Suppose now were accepted by some DTM of space complexity . By Lemma 1 we may assume that is a single-tape Turing machine. Let have states and tape symbols. Since 555 denotes the set of binary strings which encodes DTM . We know that by stringing together the quintuples of , and we may prefix ’s at will to find larger and larger integers representing the same set of quintuples of the same DTM , thus there are infinitely binary strings of sufficiently long which represents . appears infinitely often in the enumeration, and
so, there exists a such that for any ,
which implies that for a sufficiently long , say , and denoted by such is , we have that
Thus, on input , has sufficient space 666 By our construction of , requires space to simulate . to simulate and accepts if and only if rejects 777 The simulating by an universal nondeterministic Turing machine is using only a constant factor of space overhead, see [AB09], p. 83. But we did not find its formal proof in [AB09] or elsewhere.. But we assumed that accepted , i.e. agreed with on all inputs. We thus conclude that does not exist, i.e. .
In the above, we need say more about (3). Since is a NTM, so it is not obvious for it to flip the answer, i.e. . However, by Lemma 3, i.e. the Immerman-Sénizergues Theorem, this can be done for in space to flip the answer 888 In fact, Lemma 3 is necessary only for diagonalizing against a NTM. When diagonalizing against a DTM of space complexity , since for any space-constructible function , the universal NTM can immediately flip the answer in space . In time complexity, a NTM of time complexity can have different branches, it is unknown for an universal NTM flips the answer in time , see [AB09], p. 70, proof of Theorem 3.2. But for space complexity, an universal NTM can flip the answer in space when diagonalizing against other NTMs of space complexity because of Lemma 3..
We thus conclude that
Now the Theorem 1 is a special case when making for some constant .
4 Proof of Theorem 2
Proof of Theorem 2. If STCON has deterministic algorithms with space complexity , we can use it in Savitch’s algorithm [Sav70] to deterministically simulate an NTM, which further implies that , a contradiction to Theorem 1.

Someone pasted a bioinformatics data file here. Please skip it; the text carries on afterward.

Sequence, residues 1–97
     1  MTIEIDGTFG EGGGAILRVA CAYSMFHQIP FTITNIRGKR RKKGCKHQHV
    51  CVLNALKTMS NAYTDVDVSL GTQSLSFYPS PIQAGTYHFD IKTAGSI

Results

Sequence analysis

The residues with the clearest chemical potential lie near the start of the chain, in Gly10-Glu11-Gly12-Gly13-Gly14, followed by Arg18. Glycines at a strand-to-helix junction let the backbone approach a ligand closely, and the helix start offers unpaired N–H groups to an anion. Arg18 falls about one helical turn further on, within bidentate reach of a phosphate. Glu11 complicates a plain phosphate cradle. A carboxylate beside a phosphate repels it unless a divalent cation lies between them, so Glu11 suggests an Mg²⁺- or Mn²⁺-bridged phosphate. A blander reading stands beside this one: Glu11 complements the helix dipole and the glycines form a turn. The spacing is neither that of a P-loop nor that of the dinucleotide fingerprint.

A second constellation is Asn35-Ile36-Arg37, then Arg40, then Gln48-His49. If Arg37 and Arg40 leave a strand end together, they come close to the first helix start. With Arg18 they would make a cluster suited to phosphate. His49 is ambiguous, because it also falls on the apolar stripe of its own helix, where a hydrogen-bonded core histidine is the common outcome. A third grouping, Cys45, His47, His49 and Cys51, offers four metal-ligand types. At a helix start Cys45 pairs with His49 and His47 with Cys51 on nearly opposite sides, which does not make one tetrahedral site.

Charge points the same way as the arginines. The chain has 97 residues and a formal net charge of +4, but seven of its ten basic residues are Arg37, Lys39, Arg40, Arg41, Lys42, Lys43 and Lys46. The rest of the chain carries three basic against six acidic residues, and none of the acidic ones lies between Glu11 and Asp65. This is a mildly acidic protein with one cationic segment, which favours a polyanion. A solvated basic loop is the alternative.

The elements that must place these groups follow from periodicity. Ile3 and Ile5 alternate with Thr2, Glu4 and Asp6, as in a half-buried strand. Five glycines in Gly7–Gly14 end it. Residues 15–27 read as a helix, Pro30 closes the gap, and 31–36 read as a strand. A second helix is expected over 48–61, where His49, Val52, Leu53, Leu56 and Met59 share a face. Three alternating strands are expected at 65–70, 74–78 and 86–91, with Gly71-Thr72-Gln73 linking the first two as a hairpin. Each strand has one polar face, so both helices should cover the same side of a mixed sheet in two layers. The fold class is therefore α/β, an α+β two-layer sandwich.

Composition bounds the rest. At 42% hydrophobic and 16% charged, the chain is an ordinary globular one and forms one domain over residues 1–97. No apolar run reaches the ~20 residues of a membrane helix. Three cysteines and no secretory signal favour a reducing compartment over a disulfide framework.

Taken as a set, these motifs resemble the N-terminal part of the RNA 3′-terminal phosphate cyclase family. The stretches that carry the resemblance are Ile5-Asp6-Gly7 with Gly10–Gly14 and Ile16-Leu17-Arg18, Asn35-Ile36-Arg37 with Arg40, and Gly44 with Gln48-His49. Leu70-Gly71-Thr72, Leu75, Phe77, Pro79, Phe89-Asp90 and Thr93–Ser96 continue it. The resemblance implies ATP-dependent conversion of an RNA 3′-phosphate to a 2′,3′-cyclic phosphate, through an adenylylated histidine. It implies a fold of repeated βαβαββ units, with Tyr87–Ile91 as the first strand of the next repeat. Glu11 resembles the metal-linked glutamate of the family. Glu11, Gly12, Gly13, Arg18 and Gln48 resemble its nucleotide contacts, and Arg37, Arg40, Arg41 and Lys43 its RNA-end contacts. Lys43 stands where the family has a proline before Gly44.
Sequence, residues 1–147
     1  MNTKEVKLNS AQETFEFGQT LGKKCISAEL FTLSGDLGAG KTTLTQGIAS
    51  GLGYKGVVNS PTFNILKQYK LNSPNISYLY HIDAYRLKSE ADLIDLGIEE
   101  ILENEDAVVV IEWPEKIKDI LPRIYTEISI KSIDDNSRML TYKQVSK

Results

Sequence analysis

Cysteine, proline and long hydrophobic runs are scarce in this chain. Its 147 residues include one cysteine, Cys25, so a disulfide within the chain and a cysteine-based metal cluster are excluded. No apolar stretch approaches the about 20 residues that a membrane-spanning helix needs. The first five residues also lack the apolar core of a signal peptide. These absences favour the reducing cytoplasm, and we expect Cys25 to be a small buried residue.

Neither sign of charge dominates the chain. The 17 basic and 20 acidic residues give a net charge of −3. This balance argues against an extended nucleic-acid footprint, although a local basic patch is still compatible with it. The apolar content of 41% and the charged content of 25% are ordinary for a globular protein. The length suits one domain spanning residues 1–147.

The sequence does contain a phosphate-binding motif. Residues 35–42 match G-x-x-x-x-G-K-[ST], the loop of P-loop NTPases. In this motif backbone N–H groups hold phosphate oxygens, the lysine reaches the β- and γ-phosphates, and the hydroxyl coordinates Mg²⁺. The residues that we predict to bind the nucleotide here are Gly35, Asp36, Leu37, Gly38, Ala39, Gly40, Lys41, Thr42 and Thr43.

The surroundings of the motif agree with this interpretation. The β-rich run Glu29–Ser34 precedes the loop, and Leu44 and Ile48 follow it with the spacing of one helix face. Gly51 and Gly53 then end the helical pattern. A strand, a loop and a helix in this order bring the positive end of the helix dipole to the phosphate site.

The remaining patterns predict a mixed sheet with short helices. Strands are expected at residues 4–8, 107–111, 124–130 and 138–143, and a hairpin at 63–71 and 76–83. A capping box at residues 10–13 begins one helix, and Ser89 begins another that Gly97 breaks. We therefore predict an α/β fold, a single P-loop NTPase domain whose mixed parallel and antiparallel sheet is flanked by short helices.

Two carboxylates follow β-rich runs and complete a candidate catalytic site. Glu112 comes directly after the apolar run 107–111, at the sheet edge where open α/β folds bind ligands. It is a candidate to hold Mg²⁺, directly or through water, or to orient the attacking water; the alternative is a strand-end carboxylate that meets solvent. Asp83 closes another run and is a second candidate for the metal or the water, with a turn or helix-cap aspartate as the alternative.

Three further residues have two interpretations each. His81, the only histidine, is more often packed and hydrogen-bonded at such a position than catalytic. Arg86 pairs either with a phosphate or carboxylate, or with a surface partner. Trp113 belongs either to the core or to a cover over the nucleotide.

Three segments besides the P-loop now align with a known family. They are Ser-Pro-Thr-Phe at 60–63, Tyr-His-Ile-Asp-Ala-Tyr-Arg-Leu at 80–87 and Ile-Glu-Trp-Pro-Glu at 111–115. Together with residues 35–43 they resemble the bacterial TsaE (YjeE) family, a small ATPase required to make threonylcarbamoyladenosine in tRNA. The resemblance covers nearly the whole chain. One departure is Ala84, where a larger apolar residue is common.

Proof of Corollary 1. Since STCON is –complete for the complexity class (See complexity book by Arora and Barak [AB09] and Michel’s book [Mic92]), we know that if and only if STCON , i.e. there is a deterministic algorithm deciding STCON in space .
In fact, the later proof of Theorem 2 already implies that
To summarize, we have shown that the class of languages accepted by (nondeterministic) linear-bounded automata (i.e. the context-sensitive languages) is not equal to the class of languages accepted by deterministic linear-bounded automata. Thus we resolve the longstanding LBA question.
In fact, we have shown a more general result, i.e. for any space-constructible function , . We achieved this by enumerating all deterministic Turing machine of space complexity , and then diagonalizing over all deterministic Turing machine in the enumeration.
As two special cases of our result, the STCON has been resolved. That is there exists deterministic Turing machine working in deciding the -connectivity question where is the number of vertices of directed graph in question, and , which also resolves a famous open question from Theoretical Computer Science, see [A1], from which it follows that .
Finally, there are many important questions in Computer Science we did not touch in this work, see [A1].